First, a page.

Wednesday, January 17, 2007

Najdorf Sicilian 6.Bg5 and 16.Rg1

In an article published in the Fall 2000 issue of Empire Chess, I analyzed a position in the Najdorf variation of the Sicilian defense that occurs after the opening moves 1.e4 c5 2.Nf3 d6 3.d4 cxd4 4.Nxd4 Nf6 5.Nc3 a6 6.Bg5 e6 7.f4 Be7 8.Qf3 Qc7 9.O-O-O Nbd7 10.g4 b5 11.Bxf6 Nxf6 12.g5 Nd7 13.f5 Nc5 14.f6 gxf6 15.gxf6 Bf8 16.Rg1 (16.Bh3 b4 17.Nd5 exd5 18.exd5 Bxh3 19.Rhe1+ Kd8 20.Qxh3 Qd7 21.Nc6+ Kc7 22.Qh4 a5 23.Kb1 Rg8 24.Rd2 Qg4 25.Qxh7 Qg6 26.Qh4 Qg4 27.Qh7 Qg6 28.Qh3 Qg4 29.Qf1 Rg5 30.Qb5 Qd7 31.c4 bxc3 32.Rde2 c2+ 33.Kxc2 Qf5+ 34.Kc3 Qxf6+ 35.Nd4 Ra6 36.Re8 Rb6 37.Qxa5 Rxd5 38.R1e7+ Bxe7 39.Rxe7+ Qxe7 40.Nb5+ Kc6 41.Qa8+ Kxb5, 0-1, Dragan Milovanovic (USCF 2258) - Jim West (USCF 2216), Hamilton Quad 11/2003).

GM John Nunn regards Perenyi's 16.Rg1 as the main line in his book The Complete Najdorf 6.Bg5. A critical position is reached after 16...b4 17.Nd5 exd5 18.exd5 Bd7 19.Rg7 (19.Re1+ Kd8 20.Rg7 Qa5 21.Nc6+ Bxc6 22.dxc6 b3 23.Re3 bxa2 24.c7+ Kxc7 25.Rxf7+ Kb6 26.Rb3+ Qb5! 27.Ra3 Bh6+ 28.Kd1 a1=Q+ 29.Rxa1 Qxb2 30.Rxa6+ Rxa6 31.Bxa6 Qa1+ 32.Ke2 Qxa6+ 33.Kf2 Qc4 34.Re7 Qxc2+ 35.Re2 Nd3+ 36.Kg3 Rg8+ 37.Kh4 Bg5+ 38.Kh3 Qxe2, 0-1, Dmitro Kedyk (USCF 2364) - Jim West (USCF 2202), Marshall Chess Club 11/2003)

O-O-O 20.Rxf7 Bh6+ 21.Kb1 Rdf8

My game against NM Ed Allen at the Toms River Futurity in 1986 saw the continuation 22.Re7 Bg5 23.Rxd7 Nxd7 24.Ne6 Qb6!? [24...Qa7 25.Nxg5 Rxf6 26.Qg4 Rg8 27.Bd3 h5 28.Qxh5 Nc5 29.Be2 Rf2 30.Re1 Qg7 31.h4 Kb8 32.Qg4 Ka8 33.Qg3 Rgf8 34.Qe3 Qe5 35.Qxe5 dxe5 =, Barten-Neumann, correspondence 1990; 24...Qb7 25.Nxg5 Rxf6 26.Qd3 Kb8 27.Qxa6 Qxa6 28.Bxa6 Nc5 29.Bc4 Rf2, Schmidt-Scuderi, correspondence 1987, when according to Nunn "Black is at least equal"] 25.Nxf8?! (better 25.Nxg5) Rxf8 26.f7 Bf6 27.Qe4 Be5 28.Qxh7 Kb7 29.Bh3 Nc5 30.Be6 Na4! 31.c4 bxc3 32.b3 c2+ 33.Qxc2 Nc3+ 34.Kc1 Qe3+ 35.Kb2 Nxd1+ 36.Ka3, and White resigned.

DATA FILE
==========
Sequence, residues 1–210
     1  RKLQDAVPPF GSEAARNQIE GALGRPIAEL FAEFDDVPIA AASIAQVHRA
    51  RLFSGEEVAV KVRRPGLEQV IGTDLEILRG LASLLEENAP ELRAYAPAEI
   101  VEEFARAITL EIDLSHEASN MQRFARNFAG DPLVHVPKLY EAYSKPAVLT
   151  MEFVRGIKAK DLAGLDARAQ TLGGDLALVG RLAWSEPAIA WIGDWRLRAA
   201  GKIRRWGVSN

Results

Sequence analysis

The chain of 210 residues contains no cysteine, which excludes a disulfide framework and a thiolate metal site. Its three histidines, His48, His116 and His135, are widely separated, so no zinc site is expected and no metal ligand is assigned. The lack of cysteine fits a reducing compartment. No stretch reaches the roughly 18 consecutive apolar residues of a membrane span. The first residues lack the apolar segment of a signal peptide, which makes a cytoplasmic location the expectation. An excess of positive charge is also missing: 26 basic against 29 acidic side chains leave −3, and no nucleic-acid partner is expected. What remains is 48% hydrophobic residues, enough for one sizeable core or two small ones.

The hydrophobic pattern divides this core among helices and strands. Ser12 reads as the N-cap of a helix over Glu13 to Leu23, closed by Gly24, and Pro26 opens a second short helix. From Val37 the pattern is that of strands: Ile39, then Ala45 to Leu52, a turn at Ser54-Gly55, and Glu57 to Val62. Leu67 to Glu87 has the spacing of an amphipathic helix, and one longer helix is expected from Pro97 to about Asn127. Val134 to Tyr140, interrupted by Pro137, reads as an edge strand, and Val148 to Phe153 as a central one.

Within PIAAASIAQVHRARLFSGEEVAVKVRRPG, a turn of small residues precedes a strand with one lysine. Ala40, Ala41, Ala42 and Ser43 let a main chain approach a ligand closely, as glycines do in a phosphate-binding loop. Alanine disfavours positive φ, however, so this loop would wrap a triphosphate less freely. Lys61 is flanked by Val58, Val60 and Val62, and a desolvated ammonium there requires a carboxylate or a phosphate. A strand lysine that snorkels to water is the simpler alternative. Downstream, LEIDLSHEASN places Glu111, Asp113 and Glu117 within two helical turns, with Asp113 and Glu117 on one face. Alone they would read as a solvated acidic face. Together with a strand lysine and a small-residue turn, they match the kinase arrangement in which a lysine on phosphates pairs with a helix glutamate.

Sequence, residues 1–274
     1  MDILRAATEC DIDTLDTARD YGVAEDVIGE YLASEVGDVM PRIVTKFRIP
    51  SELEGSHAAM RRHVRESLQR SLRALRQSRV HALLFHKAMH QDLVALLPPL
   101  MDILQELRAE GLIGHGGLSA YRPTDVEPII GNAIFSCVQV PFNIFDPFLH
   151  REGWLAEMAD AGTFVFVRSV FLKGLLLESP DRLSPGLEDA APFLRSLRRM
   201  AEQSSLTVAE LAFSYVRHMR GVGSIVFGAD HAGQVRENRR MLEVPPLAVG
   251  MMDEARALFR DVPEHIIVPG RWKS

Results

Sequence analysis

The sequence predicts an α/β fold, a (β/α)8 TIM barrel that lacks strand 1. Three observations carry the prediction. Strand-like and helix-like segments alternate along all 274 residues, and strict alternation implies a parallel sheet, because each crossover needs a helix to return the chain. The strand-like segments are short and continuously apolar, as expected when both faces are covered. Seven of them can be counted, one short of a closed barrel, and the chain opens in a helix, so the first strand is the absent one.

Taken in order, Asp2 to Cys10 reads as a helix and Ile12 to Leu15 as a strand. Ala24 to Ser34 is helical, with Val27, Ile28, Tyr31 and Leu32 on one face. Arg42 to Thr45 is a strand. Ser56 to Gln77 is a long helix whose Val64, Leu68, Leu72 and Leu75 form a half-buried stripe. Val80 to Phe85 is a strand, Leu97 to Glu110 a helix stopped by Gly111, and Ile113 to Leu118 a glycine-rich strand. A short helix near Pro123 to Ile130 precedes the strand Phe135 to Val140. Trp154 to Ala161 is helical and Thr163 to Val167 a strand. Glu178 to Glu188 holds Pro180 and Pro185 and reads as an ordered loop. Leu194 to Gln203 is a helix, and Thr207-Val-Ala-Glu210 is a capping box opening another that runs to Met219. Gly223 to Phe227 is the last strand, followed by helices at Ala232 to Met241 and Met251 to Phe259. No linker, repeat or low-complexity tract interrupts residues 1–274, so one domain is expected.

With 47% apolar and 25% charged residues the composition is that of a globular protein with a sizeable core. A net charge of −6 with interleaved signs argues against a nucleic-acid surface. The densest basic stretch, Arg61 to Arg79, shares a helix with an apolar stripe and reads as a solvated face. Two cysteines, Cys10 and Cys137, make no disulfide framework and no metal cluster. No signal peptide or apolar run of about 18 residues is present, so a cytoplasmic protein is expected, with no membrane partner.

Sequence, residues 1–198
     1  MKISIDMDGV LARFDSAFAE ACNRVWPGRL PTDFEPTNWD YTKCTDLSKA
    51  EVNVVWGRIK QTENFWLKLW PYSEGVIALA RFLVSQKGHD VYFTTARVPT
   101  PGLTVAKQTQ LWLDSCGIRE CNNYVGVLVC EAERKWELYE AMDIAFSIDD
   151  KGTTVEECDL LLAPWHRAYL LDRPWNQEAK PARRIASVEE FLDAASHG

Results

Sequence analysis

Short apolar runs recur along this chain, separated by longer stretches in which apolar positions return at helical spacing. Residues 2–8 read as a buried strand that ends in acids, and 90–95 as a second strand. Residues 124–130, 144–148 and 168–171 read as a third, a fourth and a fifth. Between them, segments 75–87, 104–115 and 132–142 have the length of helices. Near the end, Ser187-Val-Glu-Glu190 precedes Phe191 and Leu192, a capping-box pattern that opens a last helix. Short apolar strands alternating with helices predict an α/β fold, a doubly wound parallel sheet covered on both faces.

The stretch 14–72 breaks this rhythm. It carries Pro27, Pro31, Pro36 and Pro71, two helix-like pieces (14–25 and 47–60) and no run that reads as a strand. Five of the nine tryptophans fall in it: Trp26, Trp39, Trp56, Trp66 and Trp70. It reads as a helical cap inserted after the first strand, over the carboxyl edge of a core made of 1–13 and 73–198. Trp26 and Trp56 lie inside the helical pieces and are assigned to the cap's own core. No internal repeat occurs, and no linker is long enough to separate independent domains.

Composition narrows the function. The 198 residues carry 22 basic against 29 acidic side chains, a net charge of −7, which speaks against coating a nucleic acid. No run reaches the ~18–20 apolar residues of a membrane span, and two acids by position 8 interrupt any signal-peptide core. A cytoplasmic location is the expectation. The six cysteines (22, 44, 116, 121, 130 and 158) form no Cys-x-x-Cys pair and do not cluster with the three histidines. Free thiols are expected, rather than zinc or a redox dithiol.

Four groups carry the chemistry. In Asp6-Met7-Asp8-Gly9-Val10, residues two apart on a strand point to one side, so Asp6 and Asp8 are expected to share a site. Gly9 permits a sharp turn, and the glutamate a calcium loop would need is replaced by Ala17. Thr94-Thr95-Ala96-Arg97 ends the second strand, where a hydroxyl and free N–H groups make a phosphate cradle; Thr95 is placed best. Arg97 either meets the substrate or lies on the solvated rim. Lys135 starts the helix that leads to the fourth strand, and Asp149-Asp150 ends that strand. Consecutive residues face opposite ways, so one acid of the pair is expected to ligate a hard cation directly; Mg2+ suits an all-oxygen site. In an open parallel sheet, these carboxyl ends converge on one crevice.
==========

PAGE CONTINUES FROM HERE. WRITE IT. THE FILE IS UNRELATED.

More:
In the key subvariation 22.Rxf8+ Rxf8 23.Ne6, Nunn gives 23...Nxe6 24.dxe6 Bxe6 25.Bh3! Qd7 26.Qa8+ Kc7 27.Qa7+ Kc8 28.Qxa6+ Kc7 29.Qa5+ Kc8 30.Rd4! Bxh3 31.Rc4+ Kb7 32.Rxb4+ Kc8 33.Qa6+! Kd8 34.Rb8+ Qc8 35.Qxd6+ Bd7 36.Qb6+ Ke8 37.Qc5 Kf7 38.Rxc8 Bxc8 39.Qh5+ "with a decisive advantage for White."

Nunn's analysis led me to explore 23...Qb6!? 24.Bh3 Kb8 (24...Rf7 25.Qh5) 25.Nxf8 (25.Nxc5 dxc5 26.Qg3+ Qc7 27.Bxd7 Qxg3 28.hxg3 Rxf6, followed by ...Bf8 and ...Bd6) Bxf8 26.Bxd7 Nxd7 27.Qf5 Qd8 28.Rf1 h6.

At first glance, White's rook and two pawns seem far superior to Black's two minor pieces. In fact, a grandmaster at the Marshall Chess Club told me as much, claiming a win for White, not long after my Empire Chess article came out. But the more I studied the position, the more I realized the many difficulties facing White. If the rook leaves the back rank in order to promote the f-pawn, White's king becomes susceptible to mating possibilities which can be met in three ways. First, White can advance one of the queenside pawns, but this creates weaknesses in the king position. Second, the white king can march toward the center of the board, but this allows perpetual check chances by Black's queen along the g1-a7 diagonal. Finally, White can swap queens, but the resulting endgame may be tenable for Black especially in light of White's weak d5 pawn.

I finally had the opportunity to test this line in the final round of a game/30 tournament at the Marshall Chess Club on 5/29/04 against Dmitro Kedyk (USCF 2403). He was trying to avenge his above loss against me from six months earlier. Here are the concluding moves: 29.b3 a5 30.h4 Qe8 31.Qe6 Qc8 32.Rg1 Qc5 33.Rg4 Ne5 34.Qe8+ Qc8 35.Qb5+ Qb7 36.Qxb7+ Kxb7 37.Rg7+ Kb6 38.Re7 h5 39.Rh7 Kc5 40.Rh8 Nd7 41.Rxh5 Nxf6 42.Rf5 Be7 43.h5 Nxd5 44.h6 Bf6 45.h7 Bg7 46.Rg5 Bf6 47.Rg8 Nc3+ 48.Kb2 Ne2+ 49.Kb1 Nc3+ 50.Kc1 Nxa2+ 51.Kd2 Bc3+ 52.Kd1 Bd4 53.h8=Q Bxh8 54.Rxh8 a4 55.bxa4 Nc3+ 56.Kd2 Nxa4 57.Rc8+ Kb5 58.Kd3 Nb2+ 59.Kd4 Na4 60.Kd3 Nc5+ 61.Kd4 b3 62.Rb8+ Ka4 63.Kc4 d5+ 64.Kc3 bxc2 65.Kxc2 d4 66.Rd8 d3+ 67.Kc3 Kb5 68.Rd5 Kc6 69.Kc4 Ne6 70.Rxd3 Nc5, and drawn in 123 moves.

Final Position (Drawn by 50-move rule)

{This article originally appeared in the Fall 2004 issue of Atlantic Chess News}